A future replacement for hard disc technology?

Silencing hard drives, optical drives and other storage devices

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Mariner
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A future replacement for hard disc technology?

Post by Mariner » Thu Jun 18, 2009 1:37 pm

Still in the development stages but the technology discussed in the following report would seem to have great potential for silencing/low power storage:

http://www.theregister.co.uk/2009/06/15 ... erkeleydb/

No spinning disc, impressive performance and green credentials and I assume the 'oscillating' surface doesn't make much noise either. The question is, could it be produced economically enough to be viable?

LodeHacker
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Re: A future replacement for hard disc technology?

Post by LodeHacker » Thu Jun 18, 2009 2:28 pm

As impressive as the "holographic DVD" or "flexible e-paper screen". In other words it looks good on paper and possible prototypes, but will never (or in the near future) come to the consumer market. Or to put it simply, I'm sick of these new "technologies"; when will we get to see something new in the local store?!
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Eunos
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Post by Eunos » Thu Jun 18, 2009 6:45 pm

SSDs are more of a threat to this technology than they make out. Speed is constantly increasing, capacity exploding, prices crashing, power usage negligible etc. Good on them for trying something new, but they have no easy task ahead of them.

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Post by AZBrandon » Thu Jun 18, 2009 7:12 pm

The only major problem SSD is facing is that a growing number of analysts are saying that the technological hurdles to go smaller than 22nm may be nearly insurmountable. Since 22nm is about a third the square size of today's 40nm flash memory, if we really did hit a wall at 22nm, that would mean drive capacities only about 3x higher than todays drives, with all else equal. The question would then become one of cost and if there's any other viable alternatives, or if getting a roadblock at 22nm would be a showstopper.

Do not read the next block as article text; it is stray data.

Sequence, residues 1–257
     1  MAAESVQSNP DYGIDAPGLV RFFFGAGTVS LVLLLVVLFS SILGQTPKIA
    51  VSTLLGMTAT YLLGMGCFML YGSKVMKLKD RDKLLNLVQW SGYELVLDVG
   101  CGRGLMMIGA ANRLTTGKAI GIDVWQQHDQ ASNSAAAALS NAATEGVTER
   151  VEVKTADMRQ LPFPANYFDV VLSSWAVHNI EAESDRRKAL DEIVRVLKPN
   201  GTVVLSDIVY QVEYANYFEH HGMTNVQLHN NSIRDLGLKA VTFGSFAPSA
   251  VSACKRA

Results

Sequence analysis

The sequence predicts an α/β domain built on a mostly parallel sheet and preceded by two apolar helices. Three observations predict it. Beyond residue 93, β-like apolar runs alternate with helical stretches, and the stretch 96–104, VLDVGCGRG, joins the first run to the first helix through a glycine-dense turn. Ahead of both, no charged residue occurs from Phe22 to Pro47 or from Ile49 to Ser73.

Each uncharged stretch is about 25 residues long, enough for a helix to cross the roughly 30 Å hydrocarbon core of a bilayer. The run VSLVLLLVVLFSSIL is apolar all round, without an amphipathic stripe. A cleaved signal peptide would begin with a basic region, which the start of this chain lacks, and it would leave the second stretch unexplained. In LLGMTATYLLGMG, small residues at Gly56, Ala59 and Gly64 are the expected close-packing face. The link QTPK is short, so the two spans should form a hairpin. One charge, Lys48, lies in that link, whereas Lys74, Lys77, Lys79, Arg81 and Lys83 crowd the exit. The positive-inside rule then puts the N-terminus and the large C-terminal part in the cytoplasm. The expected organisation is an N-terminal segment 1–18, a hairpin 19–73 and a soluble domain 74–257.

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jessekopelman
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Post by jessekopelman » Fri Jun 19, 2009 5:37 am

AZBrandon wrote:The only major problem SSD is facing is that a growing number of analysts are saying that the technological hurdles to go smaller than 22nm may be nearly insurmountable.
Eh. I seem to remember similar concerns about 45nm a few years ago and 100nm back in the days of the original Pentium (800nm). This is not unique to chips. Look at all the people at the dawn of the jet age who were sure that no human pilot and/or plane could survive exceeding the sound barrier. Before it was done, most experts thought a human could ever run faster than a 4min mile. In addition to it being very much in keeping with human nature to poo-poo all sorts of things outside of conventional thinking as impossible, there is also the fact that it is the job of analysts to be provocative. They make their living by selling their analysis, and there is not much of a market for saying: "everybody has everything figured out and nobody needs our advice."

AZBrandon
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Post by AZBrandon » Fri Jun 19, 2009 7:53 am

Oh I'm not saying it can't be done, but right now Intel's "tick-tock" strategy is for roughly a doubling of chip density every 2 years. (i.e. 32nm has 2x as many transisters per square mm as 45nm, which is 2x of 65nm) There may be an extra year or two pause when we hit 22nm before they can drive the costs down enough on either extreme ultraviolet lithography, or xray lithography, or whatever it takes. Either that or we may soon see the transition away from silicon, and you can be sure that will cause delays in node reduction.
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Aris
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Post by Aris » Mon Jun 22, 2009 5:20 am

AZBrandon wrote:The only major problem SSD is facing is that a growing number of analysts are saying that the technological hurdles to go smaller than 22nm may be nearly insurmountable.
I remember reading an article about this once with an interview with intel. They said they see a clear path all the way down to 11nm without any major issues.

AZBrandon
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Post by AZBrandon » Mon Jun 22, 2009 8:16 am

Aris wrote:I remember reading an article about this once with an interview with intel. They said they see a clear path all the way down to 11nm without any major issues.
Well considering the only major technology Intel has been wrong about lately was Pentium 4's hitting 5ghz, other than that, they never miss a product delivery. I don't know what they have up their sleeve, but hey, if they can do it, great.
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